Nnamdi Asomugha had a tough choice: the New York Jets or the Dallas Cowboys?
Then, the Philadelphia Eagles swooped in and snagged the biggest prize in this year's free agent frenzy.
The All-Pro cornerback signed a five-year contract Friday with the Eagles, who gave the former Oakland Raiders star a deal that would pay him $60 million over the life of it, with $25 million guaranteed.
It was a stunning development as the Jets and Cowboys were thought to be the final teams in the sweepstakes for Asomugha's services. Rex Ryan and the Jets dreamed of a No-Fly Zone secondary with Asomugha paired with Darrelle Revis. Meanwhile, the Cowboys and defensive coordinator Rob Ryan, Rex's twin brother, imagined how improved their defense would be with one big move.
Turns out, the Eagles were the team celebrating in the end.
The signing came a day after Philadelphia acquired Pro Bowl cornerback Dominique Rodgers-Cromartie from Arizona. The Eagles also formally announced a one-year deal for quarterback Vince Young, a 2006 first-round pick of Tennessee. Young, who went 30-2 as a starter at Texas and led the Longhorns to a national championship in his final game there only to have an up-and-down tenure with the Titans, will back up starter Michael Vick.
Asomugha, considered the top free agent on the market, spent his first eight seasons with the Raiders and is regarded as one of the best players at his position. But the Eagles now have three Pro Bowl cornerbacks on their roster: Asomugha, Rodgers-Cromartie and Asante Samuel, who has 42 interceptions in eight years and has made the Pro Bowl four straight years.
The Indianapolis Colts expect to begin training camp practices Monday without Peyton Manning, who not only is coming off neck surgery, but doesn't have a contract.
Coach Jim Caldwell said the star quarterback is "not ready right now" and that the team will "turn him loose" when he is ready to play.
Manning is in the midst of negotiations on a new contract that Colts owner Jim Irsay says will make the four-time league MVP the highest-paid player in NFL history. Manning has never missed a start — the streak is at 227, including playoffs, the longest active one in the league.
"I've told him to be as cautious as he needs to be because the last time I checked, we don't count preseason games," Pro Bowl center Jeff Saturday said. "I can tell you this, there's not a player that works harder than he does."
At Patriots camp, Chad Ochocinco was wearing his usual number 85 at practice, one day after being traded by the Cincinnati Bengals.
Ochocinco, a reference to the Spanish words for the numbers 8 and 5, legally changed his name from Johnson before the 2008 season. On Friday, he had the number worn last year by rookie tight end Aaron Hernandez, who hasn't practiced following hip surgery in February. Hernandez was on the field wearing shorts with the number 81.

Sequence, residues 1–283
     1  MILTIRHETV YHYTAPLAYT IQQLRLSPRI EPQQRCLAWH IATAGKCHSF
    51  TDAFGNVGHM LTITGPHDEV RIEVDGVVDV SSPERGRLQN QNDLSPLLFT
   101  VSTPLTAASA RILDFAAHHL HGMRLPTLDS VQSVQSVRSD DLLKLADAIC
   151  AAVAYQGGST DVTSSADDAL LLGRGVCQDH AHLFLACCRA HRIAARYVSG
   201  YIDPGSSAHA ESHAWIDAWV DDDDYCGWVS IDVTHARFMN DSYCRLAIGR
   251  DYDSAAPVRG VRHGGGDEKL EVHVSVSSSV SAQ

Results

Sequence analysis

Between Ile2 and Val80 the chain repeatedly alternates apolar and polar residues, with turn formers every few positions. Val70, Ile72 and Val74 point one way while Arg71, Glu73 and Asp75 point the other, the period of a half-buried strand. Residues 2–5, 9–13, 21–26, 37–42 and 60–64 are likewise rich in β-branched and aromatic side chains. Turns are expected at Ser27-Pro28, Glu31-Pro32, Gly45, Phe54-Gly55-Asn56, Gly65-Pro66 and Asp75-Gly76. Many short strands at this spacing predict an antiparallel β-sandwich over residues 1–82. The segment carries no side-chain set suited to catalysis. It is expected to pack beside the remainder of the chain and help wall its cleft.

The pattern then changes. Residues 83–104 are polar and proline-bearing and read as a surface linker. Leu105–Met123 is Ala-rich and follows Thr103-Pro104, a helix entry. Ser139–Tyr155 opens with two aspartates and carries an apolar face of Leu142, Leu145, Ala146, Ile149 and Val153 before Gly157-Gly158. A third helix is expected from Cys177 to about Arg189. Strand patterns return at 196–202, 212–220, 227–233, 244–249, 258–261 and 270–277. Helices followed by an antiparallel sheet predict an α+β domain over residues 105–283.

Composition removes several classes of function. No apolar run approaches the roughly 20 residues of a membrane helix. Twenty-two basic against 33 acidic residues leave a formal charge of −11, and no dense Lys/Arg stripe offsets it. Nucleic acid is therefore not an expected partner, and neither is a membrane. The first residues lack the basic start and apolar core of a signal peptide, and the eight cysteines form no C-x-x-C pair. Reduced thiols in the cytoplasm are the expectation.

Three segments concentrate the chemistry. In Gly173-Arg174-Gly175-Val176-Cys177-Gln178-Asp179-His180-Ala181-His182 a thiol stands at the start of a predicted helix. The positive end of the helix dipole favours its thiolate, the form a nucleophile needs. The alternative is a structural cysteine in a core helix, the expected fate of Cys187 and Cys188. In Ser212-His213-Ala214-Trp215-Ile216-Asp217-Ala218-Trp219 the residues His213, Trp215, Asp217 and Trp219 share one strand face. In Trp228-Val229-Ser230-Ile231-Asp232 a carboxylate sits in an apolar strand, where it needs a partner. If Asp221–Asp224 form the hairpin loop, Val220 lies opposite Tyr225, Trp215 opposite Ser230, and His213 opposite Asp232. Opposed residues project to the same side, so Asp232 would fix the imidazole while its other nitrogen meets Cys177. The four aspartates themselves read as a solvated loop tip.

Fans cheered when Ochocinco took the field for the afternoon session.
"I've watched him for a long time," quarterback Tom Brady said. "He brings a lot of energy to the team."
The verbose Ochocinco didn't speak with reporters, although the Patriots officially announced the trade for undisclosed draft considerations on Friday. They still hadn't announced the trade for Washington Redskins defensive tackle Albert Haynesworth.
New England did release seven players, including defensive end Ty Warren, tight end Alge Crumpler and offensive tackle Nick Kaczur. All carried salary cap numbers of at least $3 million. Also released were linebacker Tully Banta-Cain, defensive lineman Marcus Stroud, cornerback Tony Carter and linebacker Ryan Coulson.
The Super Bowl champion Green Bay Packers released Mark Tauscher, a fixture at right tackle for the better part of a decade, along with linebackers Nick Barnett, Brandon Chillar and Brady Poppinga and defensive lineman Justin Harrell.
At Spartanburg, S.C., No. 1 draft pick Cam Newton signed a deal with the Carolina Panthers and was attending team meetings. The Panthers said on Twitter that the quarterback "had officially signed on the dotted line."
Bus Cook, Newton's agent, told The Associated Press via a text message Friday night that the deal was for four years and "$22 million-plus."
Panthers coach Ron Rivera had said earlier Friday that he expected the former Auburn quarterback to be at Wofford College when Carolina held its first practice session Saturday.
San Francisco has its new quarterback, too, and it's a familiar face: Alex Smith.
He signed his one-year free agent contract, as expected, giving new coach and former NFL quarterback Jim Harbaugh an experienced starter for this season. Within minutes of completing his deal, Smith was on the sidelines for the team's first training camp practice — even though he can't formally take part in physical activity until Aug. 4 under the new labor requirements.